Cast: Aaron Paul, Dominic Cooper, Imogen Poots, Scott Mescudi, Rami Malek, Ramon Rodriguez, Harrison Gilbertson, Dakota Johnson, and Michael Keaton

Synopsis: Fresh from prison, a street racer who was framed by a wealthy business associate joins a cross country race with revenge in mind. His ex-partner, learning of the plan, places a massive bounty on his head as the race begins.

 

*Reviewer Note:  This will be a spoiler free review.*

 

Need for Speed, based on the popular EA racing games, follows Tobey Marshall (Paul) is a former racing star who’s now struggling to make the payments on the auto shop he inherited from his dad.  When his rival Dino Brewster (Cooper) offers Tobey and his crew 25% of the profits on a restored Mustang and they, of course, take the job.  After the car sells in a way Dino doesn’t like, he wagers with Tobey and Tobey’s friend Pete (Gilbertson) an all-or-nothing race.  Tobey takes the wager and is about to win when a desperate Dino nudges Pete off the road, and kills him.  Tobey gets blamed for the crash and is sent to jail for two years. Once he gets out, he chooses to get revenge on Dino by beating him in the prestigious De Leon race held by Monarch (Keaton), an ex-racer-turned-Internet phenomenon.  The Mustang buyer’s assistant, Julia (Poots), provides the restored car and the two head across country while dodging cops and a bounty put by Dino.

While some will probably say the movie is trying to copy or be like The Fast and The Furious franchise, Need for Speed is kind of its own thing.  The movie does have its comedic moments, one scene in particular with one of Toby’s crew members Finn (Malek), but aside from that the movie is very much grounded. The movie has prided itself on using actual stunts instead with few CGI as possible, does make the car chases a bit more thrilling to watch and gives the movie a bit more creditability at the end. Of course, reviewers look at this as a mistake and some even say that the seriousness of the movie ruins the whole movie entirely. While there are some scenes that do prove that it doesn’t change the experience, well at least for me.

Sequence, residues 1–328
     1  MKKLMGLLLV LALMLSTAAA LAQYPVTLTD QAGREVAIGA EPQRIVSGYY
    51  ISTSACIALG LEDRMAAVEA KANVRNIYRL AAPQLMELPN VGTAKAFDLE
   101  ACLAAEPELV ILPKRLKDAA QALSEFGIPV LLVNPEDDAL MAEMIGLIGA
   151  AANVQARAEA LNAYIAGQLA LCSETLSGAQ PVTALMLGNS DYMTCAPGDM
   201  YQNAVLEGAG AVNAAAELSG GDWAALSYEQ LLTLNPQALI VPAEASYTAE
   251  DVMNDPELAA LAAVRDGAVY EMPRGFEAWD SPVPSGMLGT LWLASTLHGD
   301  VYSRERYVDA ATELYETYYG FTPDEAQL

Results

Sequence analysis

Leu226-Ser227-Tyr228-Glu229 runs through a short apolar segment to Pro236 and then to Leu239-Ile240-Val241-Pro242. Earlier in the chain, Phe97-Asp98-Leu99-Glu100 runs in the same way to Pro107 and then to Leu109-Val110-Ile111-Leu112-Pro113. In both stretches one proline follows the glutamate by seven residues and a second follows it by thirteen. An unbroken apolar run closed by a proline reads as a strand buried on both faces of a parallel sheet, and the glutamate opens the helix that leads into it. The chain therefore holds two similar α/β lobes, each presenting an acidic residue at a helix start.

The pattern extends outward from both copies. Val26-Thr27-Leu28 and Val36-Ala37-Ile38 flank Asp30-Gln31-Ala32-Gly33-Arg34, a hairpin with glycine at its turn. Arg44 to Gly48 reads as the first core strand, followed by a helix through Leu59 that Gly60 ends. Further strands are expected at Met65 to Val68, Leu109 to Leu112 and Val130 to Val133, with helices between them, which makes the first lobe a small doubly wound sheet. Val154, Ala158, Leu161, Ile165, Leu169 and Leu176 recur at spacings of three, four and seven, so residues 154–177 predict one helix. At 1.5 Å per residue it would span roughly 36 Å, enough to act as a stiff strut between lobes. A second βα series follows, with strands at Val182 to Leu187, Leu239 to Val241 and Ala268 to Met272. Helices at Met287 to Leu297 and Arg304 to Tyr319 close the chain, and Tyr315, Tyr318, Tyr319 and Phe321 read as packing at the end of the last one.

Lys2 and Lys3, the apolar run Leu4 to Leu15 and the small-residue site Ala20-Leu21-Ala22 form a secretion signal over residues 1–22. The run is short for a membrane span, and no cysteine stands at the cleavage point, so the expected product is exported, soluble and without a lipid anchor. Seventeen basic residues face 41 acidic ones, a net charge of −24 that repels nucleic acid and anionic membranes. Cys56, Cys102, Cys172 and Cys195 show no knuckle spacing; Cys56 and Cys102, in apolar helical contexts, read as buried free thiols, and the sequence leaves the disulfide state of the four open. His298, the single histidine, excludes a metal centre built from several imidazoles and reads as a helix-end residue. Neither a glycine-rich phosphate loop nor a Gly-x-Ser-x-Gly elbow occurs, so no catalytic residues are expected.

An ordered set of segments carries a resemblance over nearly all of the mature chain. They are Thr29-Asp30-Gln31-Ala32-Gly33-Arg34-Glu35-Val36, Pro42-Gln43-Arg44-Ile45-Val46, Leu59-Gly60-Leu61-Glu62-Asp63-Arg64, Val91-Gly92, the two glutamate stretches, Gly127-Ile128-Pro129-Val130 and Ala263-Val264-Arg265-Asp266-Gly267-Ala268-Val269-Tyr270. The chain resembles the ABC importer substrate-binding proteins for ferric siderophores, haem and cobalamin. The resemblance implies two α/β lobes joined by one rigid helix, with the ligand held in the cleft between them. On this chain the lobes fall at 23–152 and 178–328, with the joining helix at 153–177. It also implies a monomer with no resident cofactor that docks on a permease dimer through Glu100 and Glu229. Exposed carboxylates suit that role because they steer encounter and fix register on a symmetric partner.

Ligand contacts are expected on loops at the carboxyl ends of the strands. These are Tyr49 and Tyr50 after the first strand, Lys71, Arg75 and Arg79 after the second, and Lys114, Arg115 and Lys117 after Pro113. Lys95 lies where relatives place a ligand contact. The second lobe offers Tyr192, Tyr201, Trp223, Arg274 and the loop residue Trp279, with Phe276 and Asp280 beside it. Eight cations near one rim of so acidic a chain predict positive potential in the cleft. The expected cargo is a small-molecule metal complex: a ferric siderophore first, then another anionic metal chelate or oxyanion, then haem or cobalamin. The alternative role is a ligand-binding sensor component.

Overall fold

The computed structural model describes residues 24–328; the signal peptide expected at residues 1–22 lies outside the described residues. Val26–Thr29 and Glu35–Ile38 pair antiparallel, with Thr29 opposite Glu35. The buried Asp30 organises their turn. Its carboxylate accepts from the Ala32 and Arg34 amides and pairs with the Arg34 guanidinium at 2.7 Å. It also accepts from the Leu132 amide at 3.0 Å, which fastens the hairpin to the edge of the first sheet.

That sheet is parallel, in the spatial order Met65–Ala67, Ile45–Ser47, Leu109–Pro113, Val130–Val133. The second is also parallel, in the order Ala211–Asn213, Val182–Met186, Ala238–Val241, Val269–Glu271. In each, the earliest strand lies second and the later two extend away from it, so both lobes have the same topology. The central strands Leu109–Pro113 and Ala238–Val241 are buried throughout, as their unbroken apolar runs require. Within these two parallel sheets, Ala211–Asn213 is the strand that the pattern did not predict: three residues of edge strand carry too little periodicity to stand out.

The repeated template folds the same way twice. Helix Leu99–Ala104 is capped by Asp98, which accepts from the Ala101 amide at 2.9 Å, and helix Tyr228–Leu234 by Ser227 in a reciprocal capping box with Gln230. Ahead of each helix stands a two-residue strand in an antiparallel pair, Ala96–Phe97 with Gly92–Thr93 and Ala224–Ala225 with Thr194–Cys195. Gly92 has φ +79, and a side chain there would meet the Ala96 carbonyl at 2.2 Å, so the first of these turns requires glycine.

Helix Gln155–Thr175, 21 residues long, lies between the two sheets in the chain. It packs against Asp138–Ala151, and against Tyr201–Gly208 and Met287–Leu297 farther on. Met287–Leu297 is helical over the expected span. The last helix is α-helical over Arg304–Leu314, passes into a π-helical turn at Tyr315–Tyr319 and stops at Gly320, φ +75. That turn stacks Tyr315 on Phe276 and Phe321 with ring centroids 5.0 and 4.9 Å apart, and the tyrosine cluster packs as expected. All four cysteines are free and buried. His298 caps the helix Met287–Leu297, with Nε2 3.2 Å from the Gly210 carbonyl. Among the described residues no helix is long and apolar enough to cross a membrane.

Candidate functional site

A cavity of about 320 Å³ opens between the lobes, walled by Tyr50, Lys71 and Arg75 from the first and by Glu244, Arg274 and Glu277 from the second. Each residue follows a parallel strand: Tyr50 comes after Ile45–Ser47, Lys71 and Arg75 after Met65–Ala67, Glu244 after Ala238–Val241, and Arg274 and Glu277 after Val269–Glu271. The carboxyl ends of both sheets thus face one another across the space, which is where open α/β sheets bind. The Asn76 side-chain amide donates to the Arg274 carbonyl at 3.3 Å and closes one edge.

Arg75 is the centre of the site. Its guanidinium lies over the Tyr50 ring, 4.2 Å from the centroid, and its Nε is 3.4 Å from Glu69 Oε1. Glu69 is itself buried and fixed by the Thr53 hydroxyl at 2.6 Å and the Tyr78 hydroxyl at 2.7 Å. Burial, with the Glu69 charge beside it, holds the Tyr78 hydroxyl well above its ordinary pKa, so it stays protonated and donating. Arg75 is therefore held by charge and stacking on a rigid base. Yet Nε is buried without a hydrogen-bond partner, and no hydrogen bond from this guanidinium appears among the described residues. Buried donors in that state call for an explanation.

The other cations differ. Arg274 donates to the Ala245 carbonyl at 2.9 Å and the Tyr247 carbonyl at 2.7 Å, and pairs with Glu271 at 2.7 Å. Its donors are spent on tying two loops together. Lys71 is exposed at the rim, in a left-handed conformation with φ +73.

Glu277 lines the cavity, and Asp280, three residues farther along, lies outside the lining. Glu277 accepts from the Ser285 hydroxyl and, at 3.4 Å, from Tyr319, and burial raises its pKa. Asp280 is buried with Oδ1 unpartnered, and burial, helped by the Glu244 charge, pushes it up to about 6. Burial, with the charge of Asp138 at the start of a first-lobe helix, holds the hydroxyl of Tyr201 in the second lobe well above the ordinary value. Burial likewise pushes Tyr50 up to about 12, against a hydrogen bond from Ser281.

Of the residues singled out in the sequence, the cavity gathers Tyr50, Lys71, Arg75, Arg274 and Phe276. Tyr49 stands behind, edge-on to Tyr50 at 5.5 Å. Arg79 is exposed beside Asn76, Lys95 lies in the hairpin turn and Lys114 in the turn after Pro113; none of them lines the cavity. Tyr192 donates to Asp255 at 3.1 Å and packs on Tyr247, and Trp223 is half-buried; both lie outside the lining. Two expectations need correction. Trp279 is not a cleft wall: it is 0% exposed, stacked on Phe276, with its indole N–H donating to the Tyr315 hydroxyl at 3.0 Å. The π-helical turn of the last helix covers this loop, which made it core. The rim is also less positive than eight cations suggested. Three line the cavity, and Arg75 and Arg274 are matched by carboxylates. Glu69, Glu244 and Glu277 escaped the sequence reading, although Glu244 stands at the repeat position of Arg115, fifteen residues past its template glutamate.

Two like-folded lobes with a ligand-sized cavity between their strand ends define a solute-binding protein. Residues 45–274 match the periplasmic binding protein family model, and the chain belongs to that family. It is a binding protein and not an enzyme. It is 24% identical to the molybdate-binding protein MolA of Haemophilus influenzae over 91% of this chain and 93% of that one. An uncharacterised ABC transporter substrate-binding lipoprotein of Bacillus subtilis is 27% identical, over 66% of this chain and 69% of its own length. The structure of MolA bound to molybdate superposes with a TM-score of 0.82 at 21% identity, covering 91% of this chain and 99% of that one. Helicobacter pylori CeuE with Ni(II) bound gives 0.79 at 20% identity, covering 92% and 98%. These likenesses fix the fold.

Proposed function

On the acting side, Aaron Paul, of Breaking Bad fame, does what he can with his role as a man looking for revenge but other than that he doesn’t really do anything else.  He does have good chemistry with Poots’ character Julia, who is more than just a pretty face. Toby’s crew include; a pilot, Benny, who keeps an eye of them, and mechanics Joe and Finn. All three of them are the comic relief of the movie and while some of the jokes do feel forced there are some real genuine moments that make you feel like they have been friends for a while.

Dominic Cooper’s villain Dino is nothing more than a cocky former pro-racer who wants things done his way and will do anything he can to get it.  Michael Keaton chews up a bit of the scenes he’s in as Monarch, but I think people will be happy to see him on the big screen again.

But let’s face it, the reason people will watch this movie is for the car sequences.  Like I said before, Need for Speed prided itself on using actual stunts with a touch of CGI, which does make the car chases a bit more thrilling to watch and enjoy. Thankfully, Scott Waugh (Act of Valor) went that direction otherwise the movie could have gone in another direction for the worse. Waugh even brings some descent POV shots and puts you in the car sometimes. Like the game, the races all build up to the last race which is Monarch’s pride-and-joy, the De Leon, where the winner gets millions of dollars and the fancy cars.

All in all, Need for Speed isn’t a great movie but it isn’t as bad as the reviewers want to make you think.  Paul, Poots and Keaton are the better parts of the movie but in reality the car chase sequences are the best part of Need for Speed.

 

Need for Speed

3.5 out of 5